Recitatif

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Mary (Twyla’s Mother) Character Analysis

Mary is Twyla’s mother, who is introduced in the first sentence of the story when Twyla explains she is in St. Bonny’s because “my mother danced all night.” Throughout the story, Twyla uses this same phrase—childlike in its vague simplicity—to describe the reason why Mary can’t take care of her. Its true meaning remains unclear; it is possible that Mary simply does not want to be a mother, but it’s also plausible that she is a sex worker. Mary’s name is ironic, as she is the opposite of the pure, self-sacrificing, morally perfect figure based on the mother of Jesus. Instead, she neglects Twyla, who at one point mentions that “Mary’s idea of supper was popcorn and a can of Yoo-Hoo,” and fidgets throughout the church service when she comes to visit St. Bonny’s. The fact that Twyla calls her mother “Mary” as opposed to something like “Mom” indicates the skewed nature of their relationship. Even at eight, Twyla is arguably more responsible than her mother, a fact revealed when Mary visits and “smiled and waved like she was the little girl looking for her mother, not me.” Twyla’s feelings about her mother are decidedly mixed; she is ashamed and resentful of Mary’s inappropriate outfit and the fact that she didn’t bring her any food, but experiences a moment of bliss when Mary embraces her. In the latter part of the story, Twyla repeats the refrain that Mary “never did stop dancing,” even as Twyla became a decidedly serious and responsible wife and mother herself.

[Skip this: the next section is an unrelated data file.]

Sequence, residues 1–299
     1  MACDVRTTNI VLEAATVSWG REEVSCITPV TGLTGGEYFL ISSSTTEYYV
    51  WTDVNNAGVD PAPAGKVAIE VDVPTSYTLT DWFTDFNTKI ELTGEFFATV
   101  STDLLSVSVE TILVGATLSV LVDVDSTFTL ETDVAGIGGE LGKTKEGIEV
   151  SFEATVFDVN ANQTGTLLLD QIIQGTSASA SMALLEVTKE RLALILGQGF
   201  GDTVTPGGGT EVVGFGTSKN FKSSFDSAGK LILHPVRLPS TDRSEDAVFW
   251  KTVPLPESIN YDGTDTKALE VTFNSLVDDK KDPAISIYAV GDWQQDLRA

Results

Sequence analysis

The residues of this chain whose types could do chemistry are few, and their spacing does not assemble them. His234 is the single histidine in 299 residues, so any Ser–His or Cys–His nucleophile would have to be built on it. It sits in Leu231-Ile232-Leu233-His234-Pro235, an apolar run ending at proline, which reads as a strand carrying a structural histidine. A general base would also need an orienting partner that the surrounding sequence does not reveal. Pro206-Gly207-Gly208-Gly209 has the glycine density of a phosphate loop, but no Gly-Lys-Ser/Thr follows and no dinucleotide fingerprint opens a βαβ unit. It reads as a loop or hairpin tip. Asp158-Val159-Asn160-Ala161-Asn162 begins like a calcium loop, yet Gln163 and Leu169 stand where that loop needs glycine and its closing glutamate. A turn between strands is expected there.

Mary (Twyla’s Mother) Quotes in Recitatif

The Recitatif quotes below are all either spoken by Mary (Twyla’s Mother) or refer to Mary (Twyla’s Mother). For each quote, you can also see the other characters and themes related to it (each theme is indicated by its own dot and icon, like this one: